Initial symptoms of hMPXV often include fever, headache and muscle aches. These symptoms are followed in one to three days by a rash, often on the face, spreading to the limbs. The rash starts with flat patches that then form large, firm bumps, which then fill with fluid or pus. These then scab and fall off, usually over two to four weeks. Symptoms usually start within seven to 14 days after exposure, with a range of five to 21 days.

When can a person ill with hMPXV spread it to others?
Ill people can potentially transmit the infection from when symptoms start until the rash has resolved. However, this is not an easy infection to catch. hMPXV typically requires prolonged, close contact. People at increased risk include sexual partners of an ill person, or family members and healthcare workers caring for someone ill with hMPXV.

Are there vaccines for hMPXV?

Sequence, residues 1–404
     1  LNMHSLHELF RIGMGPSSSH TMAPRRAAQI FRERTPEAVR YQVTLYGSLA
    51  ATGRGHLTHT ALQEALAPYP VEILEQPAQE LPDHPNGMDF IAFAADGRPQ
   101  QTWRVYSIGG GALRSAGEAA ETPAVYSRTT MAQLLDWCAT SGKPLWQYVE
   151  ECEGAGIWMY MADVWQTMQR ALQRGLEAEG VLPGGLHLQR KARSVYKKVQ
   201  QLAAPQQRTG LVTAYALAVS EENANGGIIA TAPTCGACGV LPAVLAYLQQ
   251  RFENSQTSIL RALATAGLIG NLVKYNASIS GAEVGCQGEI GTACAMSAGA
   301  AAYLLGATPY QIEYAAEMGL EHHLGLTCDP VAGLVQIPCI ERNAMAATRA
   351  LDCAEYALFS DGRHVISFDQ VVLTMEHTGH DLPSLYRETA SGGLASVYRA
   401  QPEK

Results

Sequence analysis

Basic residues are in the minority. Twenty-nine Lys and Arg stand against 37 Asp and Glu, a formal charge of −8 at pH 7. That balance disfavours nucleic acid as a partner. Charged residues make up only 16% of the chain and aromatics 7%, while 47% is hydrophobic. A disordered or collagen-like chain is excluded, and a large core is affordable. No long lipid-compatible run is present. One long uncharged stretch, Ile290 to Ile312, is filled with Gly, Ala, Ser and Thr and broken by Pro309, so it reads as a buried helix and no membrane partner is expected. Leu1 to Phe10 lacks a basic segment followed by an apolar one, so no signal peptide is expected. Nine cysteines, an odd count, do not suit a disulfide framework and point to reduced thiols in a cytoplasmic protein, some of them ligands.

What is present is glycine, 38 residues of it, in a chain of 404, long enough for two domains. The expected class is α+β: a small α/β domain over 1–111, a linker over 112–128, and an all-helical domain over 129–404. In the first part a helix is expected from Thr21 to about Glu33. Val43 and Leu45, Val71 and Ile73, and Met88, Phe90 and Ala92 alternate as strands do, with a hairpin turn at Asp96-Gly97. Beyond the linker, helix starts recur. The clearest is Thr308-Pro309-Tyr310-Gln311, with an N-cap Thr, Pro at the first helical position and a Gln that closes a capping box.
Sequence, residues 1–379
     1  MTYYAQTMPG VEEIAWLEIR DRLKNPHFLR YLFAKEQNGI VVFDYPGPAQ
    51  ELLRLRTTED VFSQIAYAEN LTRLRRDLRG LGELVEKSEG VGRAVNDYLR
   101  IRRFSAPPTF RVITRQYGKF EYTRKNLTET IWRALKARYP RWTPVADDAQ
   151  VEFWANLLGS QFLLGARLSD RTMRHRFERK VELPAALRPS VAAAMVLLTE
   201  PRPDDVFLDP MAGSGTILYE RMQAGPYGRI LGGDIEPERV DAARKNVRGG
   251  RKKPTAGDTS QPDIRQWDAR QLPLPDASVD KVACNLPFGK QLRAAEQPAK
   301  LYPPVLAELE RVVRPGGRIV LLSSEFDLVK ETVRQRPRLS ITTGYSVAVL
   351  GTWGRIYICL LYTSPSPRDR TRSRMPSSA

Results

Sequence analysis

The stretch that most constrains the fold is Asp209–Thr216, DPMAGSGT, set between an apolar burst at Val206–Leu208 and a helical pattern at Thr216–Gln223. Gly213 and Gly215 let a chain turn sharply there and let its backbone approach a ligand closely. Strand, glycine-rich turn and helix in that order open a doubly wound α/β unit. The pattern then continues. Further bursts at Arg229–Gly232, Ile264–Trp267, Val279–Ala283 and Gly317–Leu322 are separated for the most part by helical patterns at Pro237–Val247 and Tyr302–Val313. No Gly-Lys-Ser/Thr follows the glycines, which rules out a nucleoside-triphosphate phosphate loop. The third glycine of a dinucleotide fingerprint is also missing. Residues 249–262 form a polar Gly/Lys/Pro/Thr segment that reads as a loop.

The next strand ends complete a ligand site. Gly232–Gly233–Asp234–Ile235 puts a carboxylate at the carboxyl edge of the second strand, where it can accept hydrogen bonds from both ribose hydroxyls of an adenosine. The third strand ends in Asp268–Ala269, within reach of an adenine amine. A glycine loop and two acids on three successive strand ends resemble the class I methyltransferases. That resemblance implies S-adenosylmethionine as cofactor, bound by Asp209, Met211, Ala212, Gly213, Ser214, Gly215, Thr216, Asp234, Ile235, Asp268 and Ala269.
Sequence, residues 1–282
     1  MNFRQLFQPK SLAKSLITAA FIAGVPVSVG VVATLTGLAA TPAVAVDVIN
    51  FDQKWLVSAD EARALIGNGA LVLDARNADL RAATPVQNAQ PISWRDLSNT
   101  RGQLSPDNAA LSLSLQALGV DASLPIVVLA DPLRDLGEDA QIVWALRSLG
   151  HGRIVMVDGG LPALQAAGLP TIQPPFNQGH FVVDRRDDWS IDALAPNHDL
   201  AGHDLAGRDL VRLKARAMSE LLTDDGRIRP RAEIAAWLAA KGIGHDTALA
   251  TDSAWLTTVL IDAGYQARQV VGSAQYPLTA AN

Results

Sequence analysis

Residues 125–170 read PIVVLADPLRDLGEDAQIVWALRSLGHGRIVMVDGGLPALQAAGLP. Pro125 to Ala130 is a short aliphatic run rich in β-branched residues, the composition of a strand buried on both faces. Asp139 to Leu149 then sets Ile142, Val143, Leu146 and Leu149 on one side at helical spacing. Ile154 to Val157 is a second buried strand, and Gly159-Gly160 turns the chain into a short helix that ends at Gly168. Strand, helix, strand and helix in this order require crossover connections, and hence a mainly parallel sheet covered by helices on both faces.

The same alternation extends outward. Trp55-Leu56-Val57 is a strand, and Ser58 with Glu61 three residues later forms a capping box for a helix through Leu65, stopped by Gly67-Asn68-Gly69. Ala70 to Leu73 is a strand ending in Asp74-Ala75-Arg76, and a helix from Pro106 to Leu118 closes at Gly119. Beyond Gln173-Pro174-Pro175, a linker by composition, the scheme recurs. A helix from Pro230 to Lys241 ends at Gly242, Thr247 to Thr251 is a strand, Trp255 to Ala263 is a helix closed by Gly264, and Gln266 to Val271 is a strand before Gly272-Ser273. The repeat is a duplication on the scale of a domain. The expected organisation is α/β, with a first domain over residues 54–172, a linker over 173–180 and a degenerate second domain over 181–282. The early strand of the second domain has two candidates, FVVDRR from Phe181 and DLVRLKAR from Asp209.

There is a vaccine specifically for hMPXV and smallpox called Jynneos. It could be used to protect people with high-risk exposure to someone ill with hMPXV. There is another vaccine, ACAM2000, that is approved to prevent smallpox. It could be used under special arrangements with CDC, but it is more likely to cause adverse effects.

Vaccines would be used to protect people who have known exposure to someone ill with hMPXV infection. It works to prevent or decrease disease even after someone was exposed. Members of the public who haven't been exposed don't need this vaccine.

How is OHA responding to the outbreak?
Currently, there are 84 cases across 18 states, no deaths and one case in Oregon.